Monday, 3 November 2014

How Mammon stirs up Conflict and War (2): Dissatisfaction

After mammon blinds people and has people under his control, his then seeks to make them feel dissatisfied. People under the spirit of mammon cannot feel satisfied with anything. The more they have, the more they desire. This is because mammon feeds on the flesh, to increase its desires for the lust of the eyes, lust of the flesh and the pride of life. The person controlled by mammon is in bondage to him. To be in bondage to mammon is to serve mammon. To be in bondage to mammon is to idolise him ultimately through a failure to put God first. Thus, even the slightest failure to put God first is to idolise mammon. Such is to serve mammon.

Serving mammon is done as long as one does not serve God wholeheartedly. As long as one's heart is divided in serving God, one is serving mammon. No man can serve two masters: for either he will hate the one, and love the other; or else he will hold to the one, and despise the other. Ye cannot serve God and mammon (Matthew 6:24).  As long as one seeks to look back to earthly things even with the slightest desire, one is serving mammon and hating God. No man, having put his hand to the plough, and looking back, is fit for the kingdom of God (Luke 9:62). There is no argument, and neither can there be an argument about this. Anyone who seeks to argue against this is really rebelling against God because these are Jesus' words, not my words. 

It is very simply. As long as one fails to wholeheartedly love God, one loves mammon. Whosoever loves mammon, hates God. Whosoever loves God, hates mammon. Therefore, the mark of a true Christian is one who hates mammon. It is true that all of us do face mammon's temptations and yield to it, without realising. However, the true Christian is one who hates mammon. To hate mammon is to hate things of this world, and treat all material earthly things to be worthless with all one's heart, whether it be one's wealth, family, relationships, children, parents, jobs, careers, security, luxury, status or power. I can guarantee that many people who attend a church will end up in Hell because of a failure to give up all one has! 

Jesus said: "If thou wilt be perfect, go and sell that thou hast, and give to the poor, and thou shalt have treasure in heaven: and come and follow me" (Matthew 19:21). Some mammonised Christians have argued that this only applies to the rich young ruler in a self-righteous way. How is anyone else different from the rich young ruler? None is righteous, no, not one, no one understands; no one seeks for God.All have turned aside; together they have become worthless,  no one does good, not even one (Romans 3:10-12). 

After telling the rich young ruler to sell all he had, Jesus turned to His disciples, warning them about how hard it is to enter the Kingdom of Heaven. He said, "It is easier for a camel to go through the eye of a needle, than for a rich man to enter into the kingdom of God (Matthew 19:23-24). This is a warning about the danger that riches pose to the soul. It is impossible, not improbable, or merely difficult but possible for a camel to go through the eye of a needle, but impossible. Therefore, Jesus was saying it impossible for a rich man to end the Kingdom of God on his own because of riches.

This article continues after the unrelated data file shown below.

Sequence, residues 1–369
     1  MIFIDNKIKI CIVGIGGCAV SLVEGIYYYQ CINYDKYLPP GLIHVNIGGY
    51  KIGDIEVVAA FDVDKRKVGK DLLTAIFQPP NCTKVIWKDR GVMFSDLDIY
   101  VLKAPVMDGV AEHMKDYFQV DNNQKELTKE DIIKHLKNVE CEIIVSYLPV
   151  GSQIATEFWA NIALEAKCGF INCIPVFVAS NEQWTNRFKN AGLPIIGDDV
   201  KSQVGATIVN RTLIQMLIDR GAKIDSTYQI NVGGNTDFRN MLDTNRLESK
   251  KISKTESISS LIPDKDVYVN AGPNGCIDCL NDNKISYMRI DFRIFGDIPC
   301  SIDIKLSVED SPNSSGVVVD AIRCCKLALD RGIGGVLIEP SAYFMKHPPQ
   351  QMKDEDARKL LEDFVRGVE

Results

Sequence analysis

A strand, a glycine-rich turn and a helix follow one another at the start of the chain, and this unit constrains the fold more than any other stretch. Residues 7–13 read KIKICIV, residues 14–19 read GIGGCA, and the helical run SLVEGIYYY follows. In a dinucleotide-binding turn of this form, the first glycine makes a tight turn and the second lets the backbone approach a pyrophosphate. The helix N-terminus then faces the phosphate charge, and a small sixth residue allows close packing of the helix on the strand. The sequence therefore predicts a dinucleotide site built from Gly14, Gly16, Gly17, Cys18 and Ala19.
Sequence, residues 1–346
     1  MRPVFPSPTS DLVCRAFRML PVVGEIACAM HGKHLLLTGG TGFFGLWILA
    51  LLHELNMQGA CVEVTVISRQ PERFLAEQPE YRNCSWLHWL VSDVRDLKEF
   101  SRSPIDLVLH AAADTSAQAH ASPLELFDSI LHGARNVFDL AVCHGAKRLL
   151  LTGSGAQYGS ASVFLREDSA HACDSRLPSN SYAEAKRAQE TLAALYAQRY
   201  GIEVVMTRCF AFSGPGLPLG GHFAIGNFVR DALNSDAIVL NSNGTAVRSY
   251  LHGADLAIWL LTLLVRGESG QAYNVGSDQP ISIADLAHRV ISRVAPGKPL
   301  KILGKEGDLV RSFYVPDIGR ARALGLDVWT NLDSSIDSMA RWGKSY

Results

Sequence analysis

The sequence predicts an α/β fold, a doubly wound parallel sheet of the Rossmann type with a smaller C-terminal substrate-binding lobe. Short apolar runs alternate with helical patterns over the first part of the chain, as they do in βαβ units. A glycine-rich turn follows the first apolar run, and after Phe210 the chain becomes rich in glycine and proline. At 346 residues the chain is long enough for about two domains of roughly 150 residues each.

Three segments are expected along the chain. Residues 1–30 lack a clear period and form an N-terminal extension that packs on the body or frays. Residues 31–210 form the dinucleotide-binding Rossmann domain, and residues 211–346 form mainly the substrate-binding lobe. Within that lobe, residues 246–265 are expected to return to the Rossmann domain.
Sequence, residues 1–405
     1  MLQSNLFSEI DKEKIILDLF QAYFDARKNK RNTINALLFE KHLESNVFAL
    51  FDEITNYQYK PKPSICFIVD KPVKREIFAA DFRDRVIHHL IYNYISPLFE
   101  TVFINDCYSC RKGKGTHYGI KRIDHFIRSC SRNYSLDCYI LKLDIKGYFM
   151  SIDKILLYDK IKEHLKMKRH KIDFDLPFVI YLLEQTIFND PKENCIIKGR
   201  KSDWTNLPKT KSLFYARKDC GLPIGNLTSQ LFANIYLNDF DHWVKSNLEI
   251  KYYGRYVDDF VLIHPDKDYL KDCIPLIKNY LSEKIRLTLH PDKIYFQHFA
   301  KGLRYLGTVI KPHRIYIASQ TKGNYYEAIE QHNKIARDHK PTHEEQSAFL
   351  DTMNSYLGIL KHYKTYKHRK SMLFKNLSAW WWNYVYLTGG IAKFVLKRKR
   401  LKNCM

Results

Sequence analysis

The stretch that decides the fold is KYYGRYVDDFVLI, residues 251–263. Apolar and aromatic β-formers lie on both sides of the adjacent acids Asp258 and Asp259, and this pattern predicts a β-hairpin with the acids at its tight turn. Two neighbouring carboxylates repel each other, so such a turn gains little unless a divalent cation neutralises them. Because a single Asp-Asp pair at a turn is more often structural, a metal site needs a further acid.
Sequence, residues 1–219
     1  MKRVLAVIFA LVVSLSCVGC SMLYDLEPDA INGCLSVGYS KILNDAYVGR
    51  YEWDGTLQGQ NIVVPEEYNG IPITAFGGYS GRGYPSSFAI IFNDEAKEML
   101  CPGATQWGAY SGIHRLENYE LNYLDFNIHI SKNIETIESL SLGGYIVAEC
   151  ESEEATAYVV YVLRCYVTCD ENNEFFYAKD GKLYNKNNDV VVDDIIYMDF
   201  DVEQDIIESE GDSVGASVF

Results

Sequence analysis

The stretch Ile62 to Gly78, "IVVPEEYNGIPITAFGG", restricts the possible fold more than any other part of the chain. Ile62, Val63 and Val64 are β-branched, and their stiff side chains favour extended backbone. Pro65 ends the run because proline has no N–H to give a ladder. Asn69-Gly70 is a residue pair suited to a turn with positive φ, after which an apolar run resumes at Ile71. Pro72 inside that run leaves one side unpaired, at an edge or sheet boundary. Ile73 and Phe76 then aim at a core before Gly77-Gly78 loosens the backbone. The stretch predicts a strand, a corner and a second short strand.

Without Jesus Christ, one can only pursue earthly things, whether it be wealth, status, power, prestige, health, education, relationships or family - absolutely anything that replaces God or causes one to stop seeking after God. The Bible makes it clear that no one seeks after God, So, people will seek after anything in the world, no matter what harm, hurt or heartache it may cost, except for God.  This explains why people, despite knowing that chasing all these things leads to emptiness pursue such things. It is because they cool the flesh, and puff up one's pride. 

Mammon feeds on the desire to gain and enjoy more earthly things, to increase the appetite of the flesh for such things that have no eternal value. This leads to dissatisfaction that results from not being able to achieve or attain one's earthly desires. Covetousness, envy and jealousy follows because one's flesh is not satisfied. Ye lust, and have not: ye kill, and desire to have, and cannot obtain: ye fight and war, yet ye have not, because ye ask not (James 4:2). 

The secular ethic of gaining money, achievements and ambition is the epitome of serving mammon. Secular people seek money, which is of lust of the flesh, achievements, of lust of the eyes, and ambition, which is of the pride of life. Anyone without ambition is seen as weak at best, or oppressed or treated without dignity at worst within the secular ethical framework. 

Such people then become jealous, covetous and envious of those who enjoy what they do not have, such as long breaks or happiness from people who do not work as much. They, in their blindness, see this an "inequality" as though people who work less hours then them have "sinned" against them. The spirit behind this is mammon. Mammon seduces them to hate those they perceive to have more than them through their envy and covetousness.